Toll Bros narrows 2Q loss, chairman questions data on home prices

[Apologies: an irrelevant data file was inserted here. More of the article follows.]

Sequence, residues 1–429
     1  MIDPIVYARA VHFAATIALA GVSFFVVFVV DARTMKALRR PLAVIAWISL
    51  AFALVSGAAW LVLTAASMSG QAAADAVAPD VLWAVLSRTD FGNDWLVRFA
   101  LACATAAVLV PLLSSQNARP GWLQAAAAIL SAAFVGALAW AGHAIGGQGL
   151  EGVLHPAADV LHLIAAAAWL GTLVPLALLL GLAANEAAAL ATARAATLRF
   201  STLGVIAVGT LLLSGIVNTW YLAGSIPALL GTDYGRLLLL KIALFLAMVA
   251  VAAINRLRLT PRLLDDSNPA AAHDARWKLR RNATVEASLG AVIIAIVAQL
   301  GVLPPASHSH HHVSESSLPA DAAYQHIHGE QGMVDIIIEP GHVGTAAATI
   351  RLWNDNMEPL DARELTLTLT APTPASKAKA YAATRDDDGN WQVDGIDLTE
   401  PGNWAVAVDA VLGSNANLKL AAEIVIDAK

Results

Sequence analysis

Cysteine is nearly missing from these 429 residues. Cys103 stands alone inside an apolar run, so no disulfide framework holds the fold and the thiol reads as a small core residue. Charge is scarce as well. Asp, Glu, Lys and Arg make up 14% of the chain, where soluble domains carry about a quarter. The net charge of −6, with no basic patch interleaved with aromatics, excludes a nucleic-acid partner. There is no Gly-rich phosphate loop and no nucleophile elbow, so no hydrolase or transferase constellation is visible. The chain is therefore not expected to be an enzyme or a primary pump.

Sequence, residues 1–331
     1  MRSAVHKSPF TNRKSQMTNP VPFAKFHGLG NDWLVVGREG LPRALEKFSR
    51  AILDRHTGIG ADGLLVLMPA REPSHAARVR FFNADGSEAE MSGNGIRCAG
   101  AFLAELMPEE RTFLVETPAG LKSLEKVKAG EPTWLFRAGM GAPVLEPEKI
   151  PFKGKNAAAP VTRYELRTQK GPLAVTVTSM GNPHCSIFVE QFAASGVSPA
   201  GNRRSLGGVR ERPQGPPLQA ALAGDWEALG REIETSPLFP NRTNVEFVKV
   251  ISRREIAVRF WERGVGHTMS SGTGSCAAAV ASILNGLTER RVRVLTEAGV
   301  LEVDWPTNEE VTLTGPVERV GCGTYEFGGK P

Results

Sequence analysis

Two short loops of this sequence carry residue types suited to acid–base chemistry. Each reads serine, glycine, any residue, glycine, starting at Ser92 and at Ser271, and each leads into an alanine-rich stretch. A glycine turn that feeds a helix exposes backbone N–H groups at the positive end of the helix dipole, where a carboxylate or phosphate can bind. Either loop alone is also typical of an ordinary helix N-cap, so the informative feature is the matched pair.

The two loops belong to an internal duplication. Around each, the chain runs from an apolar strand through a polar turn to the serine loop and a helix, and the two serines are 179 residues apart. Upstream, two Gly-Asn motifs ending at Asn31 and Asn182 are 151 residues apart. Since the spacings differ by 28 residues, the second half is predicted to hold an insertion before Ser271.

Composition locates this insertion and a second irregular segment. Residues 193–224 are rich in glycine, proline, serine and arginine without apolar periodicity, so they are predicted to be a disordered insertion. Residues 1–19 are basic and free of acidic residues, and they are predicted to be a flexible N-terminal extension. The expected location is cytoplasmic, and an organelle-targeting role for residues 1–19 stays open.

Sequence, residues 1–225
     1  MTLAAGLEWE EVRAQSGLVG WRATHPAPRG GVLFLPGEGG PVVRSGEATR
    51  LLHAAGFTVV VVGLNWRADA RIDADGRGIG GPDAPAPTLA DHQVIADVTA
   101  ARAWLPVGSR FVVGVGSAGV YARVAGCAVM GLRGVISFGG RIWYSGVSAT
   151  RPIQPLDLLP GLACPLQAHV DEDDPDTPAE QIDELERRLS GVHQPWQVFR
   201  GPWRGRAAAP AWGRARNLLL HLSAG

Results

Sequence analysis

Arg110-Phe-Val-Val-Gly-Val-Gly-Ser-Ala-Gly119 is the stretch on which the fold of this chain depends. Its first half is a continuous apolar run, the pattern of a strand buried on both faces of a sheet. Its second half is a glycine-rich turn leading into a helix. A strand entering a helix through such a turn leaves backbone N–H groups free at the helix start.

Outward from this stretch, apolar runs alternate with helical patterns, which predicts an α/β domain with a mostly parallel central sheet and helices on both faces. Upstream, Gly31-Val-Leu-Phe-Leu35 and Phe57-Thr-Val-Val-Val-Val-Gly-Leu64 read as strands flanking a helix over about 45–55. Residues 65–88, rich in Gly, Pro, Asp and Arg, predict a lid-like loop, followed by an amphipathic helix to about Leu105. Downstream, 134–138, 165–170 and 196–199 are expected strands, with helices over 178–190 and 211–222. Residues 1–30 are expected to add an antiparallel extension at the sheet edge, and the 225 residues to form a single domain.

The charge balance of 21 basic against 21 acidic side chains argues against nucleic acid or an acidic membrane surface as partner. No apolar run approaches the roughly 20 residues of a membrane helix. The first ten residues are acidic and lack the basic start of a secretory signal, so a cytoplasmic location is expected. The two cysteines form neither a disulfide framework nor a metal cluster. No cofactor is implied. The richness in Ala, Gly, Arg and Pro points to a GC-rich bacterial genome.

Home builder Toll Brothers (TOL) cut its fiscal second-quarter loss in half, as margins improved on higher revenue and increased units delivered. The luxury construction firm reported a loss of $20.8 million, or 12 cents a share, for the three months ended April 30, narrower than the loss of $40.4 million, or 24 cents a share, a year earlier. Second-quarter revenue rose 2.7% to $319.7 million from $311.3 million last year. The company delivered 591 homes in the quarter, up 9% from 543 a year earlier. At $541,000, the average price of delivery rose slightly from the year ago and was down 7.7% from $586,000 for first quarter. The second-quarter gross margin, excluding interest and write-downs, rose to 23% from 20.3% a year ago. "We continue to see stability, and, in some cases, improvement, across our various luxury product lines," Chief Executive Douglas Yearley said. "Our target customers generally have remained employed during this downturn, and, with their solid credit profiles, been able to secure mortgages at good rates." He said many potential customers have put off acquiring a home due to concerns about declining property values and the overall economy. "We believe that some of our clients, after waiting so long, are starting to move off the fence and into the market, motivated by attractive pricing, low interest rates and, most importantly, the desire to take the next step in their lives," Yearly said. Toll Brothers now expects to deliver 2,300 to 2,800 homes for its fiscal 2011. Executive Chairman Robert Toll said second-quarter results strengthened despite the benefits of the federal homebuyer tax credit in the year-earlier period. The tax incentive "pulled demand forward at the bottom rungs of the homeownership ladder and may have energized activity in higher price points, as well," Toll said. He also said the company disputes recent media accounts of declining home prices. "Many studies quoted in the media combine distressed sales data, including foreclosures and short sales, with new and/or non-distressed existing home sales data. We believe that averaging distressed and non-distressed sales data provides a misleading picture to the public regarding home price direction," Toll said. The company reported total assets of $5.08 billion at April 30, down from $5.17 billion at Oct. 31. Write to Jason Philyaw.